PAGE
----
zondag 17 mei 2009

Verwachtingen van gesprek Netanjahoe met Obama

Netanjahoe zal zich wel/niet voor een Palestijnse staat uitspreken, en Obama zal Israel onder druk zetten om concessies te doen aan de Palesitjnen, of is van mening dat het niet zijn plaats is om Israels veiligheidsbehoeften te bepalen, en de VS zal de druk op Iran om zijn kernprogramma op te schorten wel/niet opvoeren. Het is allemaal gissen en speculeren.


Last update - 11:43 17/05/2009
Netanyahu unlikely to back Palestinian state in Obama meet
By Barak Ravid, Natasha Mozgovaya and Mazal Mualem 

Prime Minister Benjamin Netanyahu is unlikely to state support for the establishment of a Palestinian state when he meets with U.S. President Barack Obama at the White House Sunday, an aide to the prime minister said. However, in a bid to soften edgy relations with Washington, Netanyahu will propose that joint teams draft a new road map for the Palestinian peace process and a new strategy on Iran.

At the meeting with Obama, Netanyahu intends to emphasize his intention to resume the peace talks with the Palestinians soon, but with the participation of the moderate Arab states. Establishing diplomatic relations between Israel and the moderate Arab states could significantly advance the peace process with the Palestinians, he will say.

Obama is expected to support this concept, but will ask Netanyahu to start out with a gesture toward the Palestinians and to halt all construction in the West Bank settlements. Obama will also ask Netanyahu to declare Israel's support for the "two state for two people's" principle.

A senior Jerusalem source said Saturday that the visit was intended to present only preliminary positions. "At the next stage the teams will try to reduce the differences between the sides and examine ways of advancing the peace process and strategic matters," the source said.

Netanyahu's aides said the preparation talks before the meeting were effective and no conflict was expected at the dialogue with Obama.

President Shimon Peres spoke to Netanyahu a few times last week and impressed on him the importance of avoiding an overt confrontation with Obama at any cost. This could have disastrous implications on Israel's national security, Peres said.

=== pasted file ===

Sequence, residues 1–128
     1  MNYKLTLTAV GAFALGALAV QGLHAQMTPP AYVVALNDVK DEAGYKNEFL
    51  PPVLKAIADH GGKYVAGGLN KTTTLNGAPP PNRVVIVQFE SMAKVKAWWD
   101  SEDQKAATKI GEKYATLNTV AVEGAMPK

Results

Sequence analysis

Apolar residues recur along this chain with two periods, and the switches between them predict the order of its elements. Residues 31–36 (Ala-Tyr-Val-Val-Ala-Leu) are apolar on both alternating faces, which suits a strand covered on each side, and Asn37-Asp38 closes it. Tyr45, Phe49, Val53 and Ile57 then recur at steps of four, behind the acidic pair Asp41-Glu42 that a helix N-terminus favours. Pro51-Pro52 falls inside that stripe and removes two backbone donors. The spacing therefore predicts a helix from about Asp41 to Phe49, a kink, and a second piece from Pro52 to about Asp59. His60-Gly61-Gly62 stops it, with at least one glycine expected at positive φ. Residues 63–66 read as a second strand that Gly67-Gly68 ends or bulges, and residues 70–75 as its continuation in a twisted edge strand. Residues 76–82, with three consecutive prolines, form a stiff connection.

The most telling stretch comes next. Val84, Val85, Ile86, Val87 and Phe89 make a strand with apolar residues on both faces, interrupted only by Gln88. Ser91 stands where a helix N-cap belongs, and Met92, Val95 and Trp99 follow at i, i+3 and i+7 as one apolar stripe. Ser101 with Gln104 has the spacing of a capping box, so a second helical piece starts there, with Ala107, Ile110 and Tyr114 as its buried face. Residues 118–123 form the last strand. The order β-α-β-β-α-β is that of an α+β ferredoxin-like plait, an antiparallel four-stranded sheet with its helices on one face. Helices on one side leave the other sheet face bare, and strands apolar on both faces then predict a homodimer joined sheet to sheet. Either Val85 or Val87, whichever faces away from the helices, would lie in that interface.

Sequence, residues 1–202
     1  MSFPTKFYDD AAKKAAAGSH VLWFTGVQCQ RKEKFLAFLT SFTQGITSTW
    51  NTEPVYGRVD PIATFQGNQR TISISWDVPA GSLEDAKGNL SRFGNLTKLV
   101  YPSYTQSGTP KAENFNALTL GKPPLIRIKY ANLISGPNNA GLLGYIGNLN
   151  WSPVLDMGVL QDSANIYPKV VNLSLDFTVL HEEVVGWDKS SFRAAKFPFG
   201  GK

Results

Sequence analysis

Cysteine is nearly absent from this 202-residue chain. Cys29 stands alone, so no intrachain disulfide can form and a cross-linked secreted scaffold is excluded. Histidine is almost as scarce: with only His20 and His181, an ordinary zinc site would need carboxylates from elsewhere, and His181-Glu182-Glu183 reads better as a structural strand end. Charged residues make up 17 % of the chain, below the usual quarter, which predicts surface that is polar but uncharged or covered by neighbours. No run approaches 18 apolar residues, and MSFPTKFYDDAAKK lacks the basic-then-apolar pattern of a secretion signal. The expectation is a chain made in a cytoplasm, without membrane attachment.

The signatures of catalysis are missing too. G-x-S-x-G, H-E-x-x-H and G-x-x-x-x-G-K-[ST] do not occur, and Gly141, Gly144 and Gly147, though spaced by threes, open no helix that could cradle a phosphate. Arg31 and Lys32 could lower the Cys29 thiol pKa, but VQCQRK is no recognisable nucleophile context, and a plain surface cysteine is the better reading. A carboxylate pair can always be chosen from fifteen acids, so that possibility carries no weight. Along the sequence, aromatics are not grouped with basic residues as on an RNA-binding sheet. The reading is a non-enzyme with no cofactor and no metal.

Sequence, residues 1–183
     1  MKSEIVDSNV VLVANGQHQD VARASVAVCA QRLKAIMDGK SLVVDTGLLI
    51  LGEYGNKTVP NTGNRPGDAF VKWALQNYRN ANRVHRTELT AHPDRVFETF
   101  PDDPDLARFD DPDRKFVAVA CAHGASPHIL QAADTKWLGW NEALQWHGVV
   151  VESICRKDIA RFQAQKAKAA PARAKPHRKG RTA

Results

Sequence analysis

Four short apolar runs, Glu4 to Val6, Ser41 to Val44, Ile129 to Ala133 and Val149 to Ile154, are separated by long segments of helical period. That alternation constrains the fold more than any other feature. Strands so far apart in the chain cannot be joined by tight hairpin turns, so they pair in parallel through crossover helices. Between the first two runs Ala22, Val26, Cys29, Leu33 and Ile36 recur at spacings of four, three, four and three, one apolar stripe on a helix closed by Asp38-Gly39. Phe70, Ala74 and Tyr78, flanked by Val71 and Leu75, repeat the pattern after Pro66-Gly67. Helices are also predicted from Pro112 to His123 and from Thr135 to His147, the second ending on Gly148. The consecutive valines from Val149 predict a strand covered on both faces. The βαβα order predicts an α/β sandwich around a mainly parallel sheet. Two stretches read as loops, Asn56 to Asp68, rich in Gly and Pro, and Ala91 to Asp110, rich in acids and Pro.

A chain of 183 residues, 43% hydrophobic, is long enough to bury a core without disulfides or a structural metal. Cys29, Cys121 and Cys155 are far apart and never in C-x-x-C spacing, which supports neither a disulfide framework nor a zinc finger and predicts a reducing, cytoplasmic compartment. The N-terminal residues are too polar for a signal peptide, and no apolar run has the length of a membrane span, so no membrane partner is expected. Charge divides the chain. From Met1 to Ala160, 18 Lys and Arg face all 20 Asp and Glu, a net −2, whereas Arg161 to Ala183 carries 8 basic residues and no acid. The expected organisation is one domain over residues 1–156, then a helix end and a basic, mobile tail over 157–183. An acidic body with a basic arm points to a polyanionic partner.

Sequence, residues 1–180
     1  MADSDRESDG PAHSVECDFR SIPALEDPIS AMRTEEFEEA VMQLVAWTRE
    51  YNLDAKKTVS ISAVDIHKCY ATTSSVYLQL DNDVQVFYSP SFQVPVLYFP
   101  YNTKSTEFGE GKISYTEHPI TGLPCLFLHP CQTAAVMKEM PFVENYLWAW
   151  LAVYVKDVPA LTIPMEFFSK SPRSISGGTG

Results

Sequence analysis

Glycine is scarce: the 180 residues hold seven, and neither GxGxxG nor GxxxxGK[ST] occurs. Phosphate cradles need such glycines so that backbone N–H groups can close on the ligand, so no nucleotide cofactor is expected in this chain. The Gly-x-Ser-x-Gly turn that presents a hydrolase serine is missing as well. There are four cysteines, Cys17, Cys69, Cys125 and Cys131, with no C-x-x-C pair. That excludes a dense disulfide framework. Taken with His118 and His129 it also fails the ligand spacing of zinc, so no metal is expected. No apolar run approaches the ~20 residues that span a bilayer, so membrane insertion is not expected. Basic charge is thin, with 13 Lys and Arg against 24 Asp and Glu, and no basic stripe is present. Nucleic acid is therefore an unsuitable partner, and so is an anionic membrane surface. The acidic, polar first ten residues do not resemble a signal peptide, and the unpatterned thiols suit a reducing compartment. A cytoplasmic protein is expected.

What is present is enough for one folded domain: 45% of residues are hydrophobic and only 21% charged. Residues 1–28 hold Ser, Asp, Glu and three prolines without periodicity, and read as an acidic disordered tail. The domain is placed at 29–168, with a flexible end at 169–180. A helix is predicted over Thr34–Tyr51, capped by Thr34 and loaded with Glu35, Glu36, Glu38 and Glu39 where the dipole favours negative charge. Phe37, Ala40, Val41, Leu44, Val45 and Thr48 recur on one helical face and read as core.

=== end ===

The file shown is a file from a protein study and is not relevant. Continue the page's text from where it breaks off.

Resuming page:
Netanyahu will ask Obama to tighten the coordination between the two administrations in defense and state affairs, and to set up communication channels and joint work teams on the Iranian and Palestinian issues, a source in the prime minister's bureau said.

Contrary to Netanyahu's aide, Defense Minister Ehud Barak said Saturday that the prime minister was ready to declare his support for a two-state solution to the Israeli-Palestinian conflict.

"I believe Netanyahu is ready for a process whose end is two states for two peoples," Barak, who is also chairman of the Labor party, told Channel 2 shortly before Netanyahu left for Washington. "Even Netanyahu understands that the ultimate end of the process is two peoples living side by side in peace and security," he said.

However, an aide of the prime minister's said Netanyahu is unlikely to display flexibility on the "two states for two nations" principle. He will tell Obama that any agreement would oblige the Palestinians to recognize Israel as a Jewish nation-state.

Netanyahu is expected to tell the American president that he objects to halting construction in the settlements completely, but is willing to take steps to dismantle the illegal outposts, an aide said.

He will tell Obama that the outposts are a legal matter which Barak has been negotiating with the settlers, in order to reach an agreement.

Netanyahu will also tell Obama that without dealing with Iran it would be difficult to advance the peace process with the Palestinians. He will ask Obama to coordinate the American-Iranian dialogue with Israel, and stress the importance of acting firmly against Iran should this dialogue fail.

Ahead of Netanyahu's trip, meanwhile, senior Obama administration officials said in a press briefing Saturday that Middle East peace agreements were in U.S. national interests. They also noted that Obama and Netanyahu would discuss the issue of West Bank settlement building.

"The meeting on Monday is a continuation of a very close relationship between the U.S. and Israel - very close friendship and cooperation on many issues," said one official. "This is [the president's] first opportunity to take the next step to deepen and expand this cooperation. And I'm quite sure it will be the first of many such conversations."

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